Walker played on a team that only hit .231 collectively, and the only other catcher on the roster hit .185.

Advantage: Fleet.

Walker played in a league that as a whole hit .240. In fact, only one team in the entire league, the Philadelphia Athletics, had a higher batting average than Walker's.

Advantage: Fleet.

Walker's batting average looks even better when you compare it to other catchers of the era. In the 19th century, catcher was an incredibly brutal position. Catching equipment was nonexistent, and even the most basic of gloves were scarcely used. This made quality hitting from a team's catcher was very rare, especially during the 1884 season.

Of the 13 American Association clubs in 1884, four of the teams' starting catchers batted less than .200, seven batted less than .220 and only two batted higher than Walker's .263. 

Tony Mullane, Walker's Battery Mate for the 1884 Toledo Blue Stockings
Tony Mullane, Walker's Battery Mate for the 1884 Toledo Blue Stockings

Even these statistics don't tell the full story.

When Walker was catching, the main man on the mound for Toledo was Tony Mullane, a fine pitcher whose 284 wins make him a potential Hall of Fame candidate. However, Mullane had this to say about pitching to Walker:

"He [Walker] was the best catcher I ever worked with, but I disliked a Negro and whenever I had to pitch to him I used to pitch anything I wanted without looking at his signals."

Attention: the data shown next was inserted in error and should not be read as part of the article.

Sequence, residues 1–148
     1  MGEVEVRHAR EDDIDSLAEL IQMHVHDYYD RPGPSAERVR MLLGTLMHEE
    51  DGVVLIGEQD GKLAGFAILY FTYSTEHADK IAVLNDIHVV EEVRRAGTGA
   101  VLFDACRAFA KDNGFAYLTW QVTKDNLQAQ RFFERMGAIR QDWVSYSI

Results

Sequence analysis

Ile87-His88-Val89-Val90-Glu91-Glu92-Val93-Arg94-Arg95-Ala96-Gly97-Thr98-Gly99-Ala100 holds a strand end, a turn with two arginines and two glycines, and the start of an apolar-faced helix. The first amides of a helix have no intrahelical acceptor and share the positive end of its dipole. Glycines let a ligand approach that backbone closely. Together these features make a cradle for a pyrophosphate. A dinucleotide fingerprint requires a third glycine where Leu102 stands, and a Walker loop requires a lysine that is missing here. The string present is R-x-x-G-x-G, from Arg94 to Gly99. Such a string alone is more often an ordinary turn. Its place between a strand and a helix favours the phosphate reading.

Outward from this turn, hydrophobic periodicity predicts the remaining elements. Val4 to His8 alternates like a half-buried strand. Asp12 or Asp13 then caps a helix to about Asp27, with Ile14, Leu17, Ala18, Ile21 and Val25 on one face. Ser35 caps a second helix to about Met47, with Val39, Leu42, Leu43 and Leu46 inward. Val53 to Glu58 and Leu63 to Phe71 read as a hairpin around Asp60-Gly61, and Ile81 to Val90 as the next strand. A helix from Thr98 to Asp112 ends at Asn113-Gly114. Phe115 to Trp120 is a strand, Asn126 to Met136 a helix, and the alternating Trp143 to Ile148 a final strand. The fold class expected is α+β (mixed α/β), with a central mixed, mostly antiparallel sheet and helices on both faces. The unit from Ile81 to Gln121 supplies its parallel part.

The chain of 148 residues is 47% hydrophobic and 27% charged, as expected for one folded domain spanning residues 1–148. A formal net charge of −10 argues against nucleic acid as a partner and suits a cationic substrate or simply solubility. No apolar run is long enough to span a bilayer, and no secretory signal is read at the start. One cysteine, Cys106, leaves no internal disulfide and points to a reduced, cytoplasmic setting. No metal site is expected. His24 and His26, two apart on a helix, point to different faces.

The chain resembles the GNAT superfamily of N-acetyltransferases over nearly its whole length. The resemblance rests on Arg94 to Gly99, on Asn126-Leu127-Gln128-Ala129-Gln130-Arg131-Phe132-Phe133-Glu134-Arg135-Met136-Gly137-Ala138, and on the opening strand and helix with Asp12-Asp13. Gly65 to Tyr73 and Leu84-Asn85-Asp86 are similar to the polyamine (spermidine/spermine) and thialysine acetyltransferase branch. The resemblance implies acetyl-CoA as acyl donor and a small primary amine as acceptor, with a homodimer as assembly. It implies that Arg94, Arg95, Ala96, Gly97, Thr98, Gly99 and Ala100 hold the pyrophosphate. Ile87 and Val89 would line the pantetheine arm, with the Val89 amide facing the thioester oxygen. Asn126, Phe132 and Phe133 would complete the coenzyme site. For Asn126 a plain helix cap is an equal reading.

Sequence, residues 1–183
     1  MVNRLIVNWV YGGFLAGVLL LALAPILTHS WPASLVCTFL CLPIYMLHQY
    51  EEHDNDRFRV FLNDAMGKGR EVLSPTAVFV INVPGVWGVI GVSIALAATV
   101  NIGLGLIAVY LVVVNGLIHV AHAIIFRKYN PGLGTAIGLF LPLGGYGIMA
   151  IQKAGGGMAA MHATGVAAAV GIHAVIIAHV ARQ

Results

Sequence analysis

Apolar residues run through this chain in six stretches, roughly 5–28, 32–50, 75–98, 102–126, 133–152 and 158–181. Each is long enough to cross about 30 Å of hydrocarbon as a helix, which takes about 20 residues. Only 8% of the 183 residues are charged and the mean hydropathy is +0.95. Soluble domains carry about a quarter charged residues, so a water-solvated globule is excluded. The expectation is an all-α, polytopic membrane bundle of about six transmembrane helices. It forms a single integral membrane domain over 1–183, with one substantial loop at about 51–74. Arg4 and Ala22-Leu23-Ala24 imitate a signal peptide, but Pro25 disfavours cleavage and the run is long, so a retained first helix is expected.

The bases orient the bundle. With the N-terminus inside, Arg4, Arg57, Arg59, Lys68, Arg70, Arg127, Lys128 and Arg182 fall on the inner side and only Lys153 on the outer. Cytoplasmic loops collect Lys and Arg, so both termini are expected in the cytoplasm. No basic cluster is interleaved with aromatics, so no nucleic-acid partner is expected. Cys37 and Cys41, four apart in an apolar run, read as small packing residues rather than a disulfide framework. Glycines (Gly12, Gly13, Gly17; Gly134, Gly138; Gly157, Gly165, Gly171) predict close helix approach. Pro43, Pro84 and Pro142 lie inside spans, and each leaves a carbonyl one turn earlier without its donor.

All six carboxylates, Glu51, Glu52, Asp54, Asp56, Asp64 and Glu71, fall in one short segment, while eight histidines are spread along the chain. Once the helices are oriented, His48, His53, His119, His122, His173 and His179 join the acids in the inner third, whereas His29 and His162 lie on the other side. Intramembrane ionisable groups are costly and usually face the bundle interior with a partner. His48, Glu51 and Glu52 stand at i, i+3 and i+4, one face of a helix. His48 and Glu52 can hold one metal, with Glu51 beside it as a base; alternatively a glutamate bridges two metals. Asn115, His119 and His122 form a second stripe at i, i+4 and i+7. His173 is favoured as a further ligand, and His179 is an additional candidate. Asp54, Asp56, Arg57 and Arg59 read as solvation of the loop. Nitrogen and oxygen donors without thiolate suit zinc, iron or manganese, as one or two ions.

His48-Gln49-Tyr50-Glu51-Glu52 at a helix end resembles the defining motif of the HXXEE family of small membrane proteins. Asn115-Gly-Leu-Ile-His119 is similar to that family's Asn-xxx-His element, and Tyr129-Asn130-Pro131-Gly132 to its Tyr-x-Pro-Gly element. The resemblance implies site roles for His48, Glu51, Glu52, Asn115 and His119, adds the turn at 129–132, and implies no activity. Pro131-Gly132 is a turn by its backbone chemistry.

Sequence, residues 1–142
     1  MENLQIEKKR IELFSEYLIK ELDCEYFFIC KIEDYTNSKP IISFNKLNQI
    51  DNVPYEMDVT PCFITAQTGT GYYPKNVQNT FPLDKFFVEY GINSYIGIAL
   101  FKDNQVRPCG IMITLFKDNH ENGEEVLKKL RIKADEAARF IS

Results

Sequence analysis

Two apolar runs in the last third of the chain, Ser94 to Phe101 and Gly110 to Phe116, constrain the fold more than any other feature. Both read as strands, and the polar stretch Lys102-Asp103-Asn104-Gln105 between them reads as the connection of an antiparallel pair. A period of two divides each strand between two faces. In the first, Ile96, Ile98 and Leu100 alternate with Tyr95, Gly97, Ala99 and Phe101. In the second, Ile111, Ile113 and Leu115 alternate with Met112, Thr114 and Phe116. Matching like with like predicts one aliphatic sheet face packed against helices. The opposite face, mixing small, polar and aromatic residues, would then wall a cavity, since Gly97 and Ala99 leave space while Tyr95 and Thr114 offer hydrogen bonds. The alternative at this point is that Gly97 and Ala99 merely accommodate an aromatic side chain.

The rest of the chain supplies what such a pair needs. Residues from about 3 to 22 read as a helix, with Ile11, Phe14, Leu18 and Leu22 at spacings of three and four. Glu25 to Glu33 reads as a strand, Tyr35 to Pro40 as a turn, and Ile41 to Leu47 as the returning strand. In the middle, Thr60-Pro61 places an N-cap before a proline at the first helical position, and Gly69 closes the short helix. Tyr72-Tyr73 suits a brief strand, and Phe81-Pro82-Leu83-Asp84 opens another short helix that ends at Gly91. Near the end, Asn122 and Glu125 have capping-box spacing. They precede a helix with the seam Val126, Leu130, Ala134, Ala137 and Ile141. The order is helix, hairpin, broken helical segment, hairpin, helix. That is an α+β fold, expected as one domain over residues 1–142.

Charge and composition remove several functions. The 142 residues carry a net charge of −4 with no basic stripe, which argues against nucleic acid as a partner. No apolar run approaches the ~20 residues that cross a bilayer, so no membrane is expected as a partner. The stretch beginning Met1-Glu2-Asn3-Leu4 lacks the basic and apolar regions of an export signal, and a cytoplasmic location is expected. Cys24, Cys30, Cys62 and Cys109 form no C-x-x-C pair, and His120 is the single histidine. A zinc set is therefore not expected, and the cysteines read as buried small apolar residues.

That's right. When Walker was catching (with no gear to speak of), he had absolutely no idea what pitches were coming.

The consequences of this were severe. Through no fault of his own, Walker led the league in passed balls, and he suffered from a series of injuries (including a broken rib) that would heavily limit his playing time and eventually cap his season at 42 games.

That .263 batting average doesn't seem too shabby after all, does it?

Despite his injuries, Fleet was more than capable of continuing to play in the majors. However, there was one man who was determined that this would not happen: Cap Anson.

Anson, a fantastic player-manager who was the first major leaguer to amass 3,000 hits, had no desire to ever face black competition.

In an 1883 exhibition match between Anson's Chicago White Stockings and Walker's Toledo Blue Stockings, Anson refused to play while Walker was behind the plate, and he even threatened to take his team and leave. Charlie Morton, Toledo's manager, told Anson that if his team left he would be forfeiting the game and as a result rights to the gate receipts, and Anson was forced to relent.